For a long time, the lines have been tenuously drawn – the 99 percent against the one percent – but nothing tangible has emerged from this sloganeering. Yet something other than impotent outrage ought to emerge. The Constitution that Trump swore to uphold and defend, from enemies foreign or domestic, was written at a time when the structure of American society could hardly have been different from what it is now. Then, 95 percent of the population was self-employed – now only five percent is. There was no standing army, just a militia – which thus needed everyone to be familiar with firearms. 95 percent of the gross national income was from farming or manufacturing, and only five percent was from rentier sources, or other non-productive activities. These figures are now reversed, with most income derived from various forms of ownership and non-productive investment – much of it in the stock, bond and commodity markets, which, as any honest financier will admit, are a gigantic scam that only benefits a small handful of people, and actually harms many businesses and, most all, the smaller farmers. The America for which that Constitution was written has long gone, along with its relevance to anything. Like most state rituals, they are just hollow words.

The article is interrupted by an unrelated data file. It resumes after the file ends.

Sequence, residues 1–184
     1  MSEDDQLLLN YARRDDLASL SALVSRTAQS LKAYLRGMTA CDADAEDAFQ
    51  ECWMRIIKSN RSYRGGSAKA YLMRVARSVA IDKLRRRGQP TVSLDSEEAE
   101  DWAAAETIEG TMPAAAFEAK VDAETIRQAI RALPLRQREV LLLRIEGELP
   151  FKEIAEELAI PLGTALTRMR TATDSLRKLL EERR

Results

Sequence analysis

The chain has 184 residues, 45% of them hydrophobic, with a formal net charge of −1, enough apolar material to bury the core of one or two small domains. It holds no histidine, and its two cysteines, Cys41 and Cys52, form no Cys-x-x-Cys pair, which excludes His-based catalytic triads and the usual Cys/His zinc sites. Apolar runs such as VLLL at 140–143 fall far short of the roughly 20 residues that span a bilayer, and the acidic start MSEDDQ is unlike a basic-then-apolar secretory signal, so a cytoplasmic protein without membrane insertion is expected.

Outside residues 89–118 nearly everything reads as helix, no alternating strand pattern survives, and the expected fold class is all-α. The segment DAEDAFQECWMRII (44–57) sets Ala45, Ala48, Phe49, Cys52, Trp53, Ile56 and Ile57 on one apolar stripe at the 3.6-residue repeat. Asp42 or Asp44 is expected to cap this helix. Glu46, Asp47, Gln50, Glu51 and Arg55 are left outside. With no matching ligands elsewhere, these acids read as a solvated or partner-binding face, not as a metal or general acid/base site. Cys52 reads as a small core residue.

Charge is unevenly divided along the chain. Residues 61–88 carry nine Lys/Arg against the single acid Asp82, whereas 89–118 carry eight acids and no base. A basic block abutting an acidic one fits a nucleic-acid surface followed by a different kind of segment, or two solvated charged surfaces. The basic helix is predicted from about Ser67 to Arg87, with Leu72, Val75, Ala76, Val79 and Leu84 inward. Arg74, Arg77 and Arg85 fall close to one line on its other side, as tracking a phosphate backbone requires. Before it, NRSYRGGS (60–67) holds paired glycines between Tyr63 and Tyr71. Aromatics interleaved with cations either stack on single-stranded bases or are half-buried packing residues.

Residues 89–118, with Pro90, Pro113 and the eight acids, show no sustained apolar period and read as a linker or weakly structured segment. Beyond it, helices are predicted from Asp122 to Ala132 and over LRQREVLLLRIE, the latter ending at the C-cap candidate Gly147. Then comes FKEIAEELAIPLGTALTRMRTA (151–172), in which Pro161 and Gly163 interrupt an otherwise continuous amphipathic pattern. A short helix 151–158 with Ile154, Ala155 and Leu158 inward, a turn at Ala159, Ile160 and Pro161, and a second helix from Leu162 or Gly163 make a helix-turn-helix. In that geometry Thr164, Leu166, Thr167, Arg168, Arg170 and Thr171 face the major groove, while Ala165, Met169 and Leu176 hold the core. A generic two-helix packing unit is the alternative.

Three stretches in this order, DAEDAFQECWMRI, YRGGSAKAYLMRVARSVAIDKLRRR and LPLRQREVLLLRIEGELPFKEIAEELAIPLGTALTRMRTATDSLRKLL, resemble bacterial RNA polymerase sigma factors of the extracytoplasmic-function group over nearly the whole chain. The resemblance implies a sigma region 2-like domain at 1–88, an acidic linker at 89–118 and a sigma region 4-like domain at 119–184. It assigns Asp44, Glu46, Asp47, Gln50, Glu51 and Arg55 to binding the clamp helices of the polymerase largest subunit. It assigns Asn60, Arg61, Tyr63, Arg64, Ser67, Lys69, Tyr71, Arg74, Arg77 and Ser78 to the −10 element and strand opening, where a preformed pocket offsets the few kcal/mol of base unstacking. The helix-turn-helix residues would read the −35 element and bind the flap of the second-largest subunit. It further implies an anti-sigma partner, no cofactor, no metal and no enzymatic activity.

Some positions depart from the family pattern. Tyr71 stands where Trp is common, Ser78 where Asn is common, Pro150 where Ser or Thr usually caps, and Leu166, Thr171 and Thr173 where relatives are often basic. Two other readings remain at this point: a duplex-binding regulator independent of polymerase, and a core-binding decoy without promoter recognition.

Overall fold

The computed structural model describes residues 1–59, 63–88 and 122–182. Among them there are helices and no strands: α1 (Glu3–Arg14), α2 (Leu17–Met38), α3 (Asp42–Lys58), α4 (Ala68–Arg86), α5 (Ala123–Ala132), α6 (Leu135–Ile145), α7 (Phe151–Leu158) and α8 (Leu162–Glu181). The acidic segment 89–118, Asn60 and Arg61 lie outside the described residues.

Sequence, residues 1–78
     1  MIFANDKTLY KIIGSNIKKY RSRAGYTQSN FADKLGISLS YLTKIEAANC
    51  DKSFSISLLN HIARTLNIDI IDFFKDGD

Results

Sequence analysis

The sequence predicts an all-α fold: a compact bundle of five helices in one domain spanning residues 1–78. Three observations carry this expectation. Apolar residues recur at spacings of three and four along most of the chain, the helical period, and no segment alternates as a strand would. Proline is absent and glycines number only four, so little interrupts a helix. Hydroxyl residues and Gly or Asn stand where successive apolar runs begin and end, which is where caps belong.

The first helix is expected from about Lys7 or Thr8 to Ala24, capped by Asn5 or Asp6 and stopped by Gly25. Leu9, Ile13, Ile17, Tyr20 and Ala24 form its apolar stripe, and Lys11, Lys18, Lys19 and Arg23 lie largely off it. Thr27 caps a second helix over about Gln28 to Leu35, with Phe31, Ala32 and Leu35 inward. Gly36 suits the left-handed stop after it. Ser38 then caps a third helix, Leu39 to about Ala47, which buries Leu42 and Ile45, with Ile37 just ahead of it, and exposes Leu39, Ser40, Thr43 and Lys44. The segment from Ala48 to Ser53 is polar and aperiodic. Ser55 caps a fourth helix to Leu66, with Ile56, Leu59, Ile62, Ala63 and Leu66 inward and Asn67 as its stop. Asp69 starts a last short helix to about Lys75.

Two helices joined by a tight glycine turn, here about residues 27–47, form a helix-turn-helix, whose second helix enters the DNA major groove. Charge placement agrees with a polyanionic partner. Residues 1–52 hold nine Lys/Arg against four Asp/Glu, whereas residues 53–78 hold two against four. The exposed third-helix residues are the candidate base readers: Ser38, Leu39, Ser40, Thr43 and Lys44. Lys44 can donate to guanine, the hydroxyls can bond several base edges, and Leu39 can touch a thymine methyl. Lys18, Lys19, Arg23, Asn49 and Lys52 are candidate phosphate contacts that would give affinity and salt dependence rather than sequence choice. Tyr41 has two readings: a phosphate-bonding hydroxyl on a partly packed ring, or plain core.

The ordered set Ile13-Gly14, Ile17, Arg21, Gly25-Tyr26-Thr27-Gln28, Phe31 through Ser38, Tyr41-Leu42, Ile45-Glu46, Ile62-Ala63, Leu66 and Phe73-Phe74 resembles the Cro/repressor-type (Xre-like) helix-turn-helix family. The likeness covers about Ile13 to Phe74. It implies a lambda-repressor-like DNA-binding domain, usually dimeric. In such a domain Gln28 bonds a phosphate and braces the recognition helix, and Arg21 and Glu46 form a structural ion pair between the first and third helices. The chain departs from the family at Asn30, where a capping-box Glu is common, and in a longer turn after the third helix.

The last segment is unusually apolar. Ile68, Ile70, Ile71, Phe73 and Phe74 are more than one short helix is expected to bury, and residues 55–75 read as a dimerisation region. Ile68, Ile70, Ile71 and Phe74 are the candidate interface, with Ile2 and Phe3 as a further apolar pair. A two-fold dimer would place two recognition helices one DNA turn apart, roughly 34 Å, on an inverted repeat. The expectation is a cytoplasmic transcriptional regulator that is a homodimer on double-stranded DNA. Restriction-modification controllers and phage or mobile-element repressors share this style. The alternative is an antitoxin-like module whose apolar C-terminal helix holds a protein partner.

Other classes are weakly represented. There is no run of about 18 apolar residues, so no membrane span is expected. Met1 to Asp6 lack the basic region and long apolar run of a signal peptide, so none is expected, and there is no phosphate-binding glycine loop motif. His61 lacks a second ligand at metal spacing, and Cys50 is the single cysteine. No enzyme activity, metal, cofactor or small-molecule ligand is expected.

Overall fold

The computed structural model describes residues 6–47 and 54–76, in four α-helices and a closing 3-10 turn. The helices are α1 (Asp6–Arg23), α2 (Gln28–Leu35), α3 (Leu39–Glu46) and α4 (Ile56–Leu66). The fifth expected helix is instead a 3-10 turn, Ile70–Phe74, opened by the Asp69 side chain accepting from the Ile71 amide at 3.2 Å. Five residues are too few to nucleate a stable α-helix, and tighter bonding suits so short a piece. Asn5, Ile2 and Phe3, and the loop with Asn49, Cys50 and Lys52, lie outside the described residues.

As Leonard Cohen would say, everybody knows this – that the boat is sinking but the rich get richer – yet no one is able to, or capable of acting to change it. Perhaps, as Karl Marx said, action only occurs when all that is solid melts into air? And the only possible actors are the proletariat.

In this light, destroying public broadcasting is a very canny move. Who listens to or watches it? Liberal middle-class intellectuals, for the most part. In that sense, it would be like destroying Harper’s magazine – which, as I noticed in Iraq, didn’t bother US authorities at all, because it was only read by a few hundred thousand bookworms. What the mainstream national media did, or where they went, bothered the commandants a lot, however – because their audience is tens of millions of average citizens. So this move – if indeed it is to be – is just a spiteful lashing-out at that small minority Trump knows beyond all doubt despise him.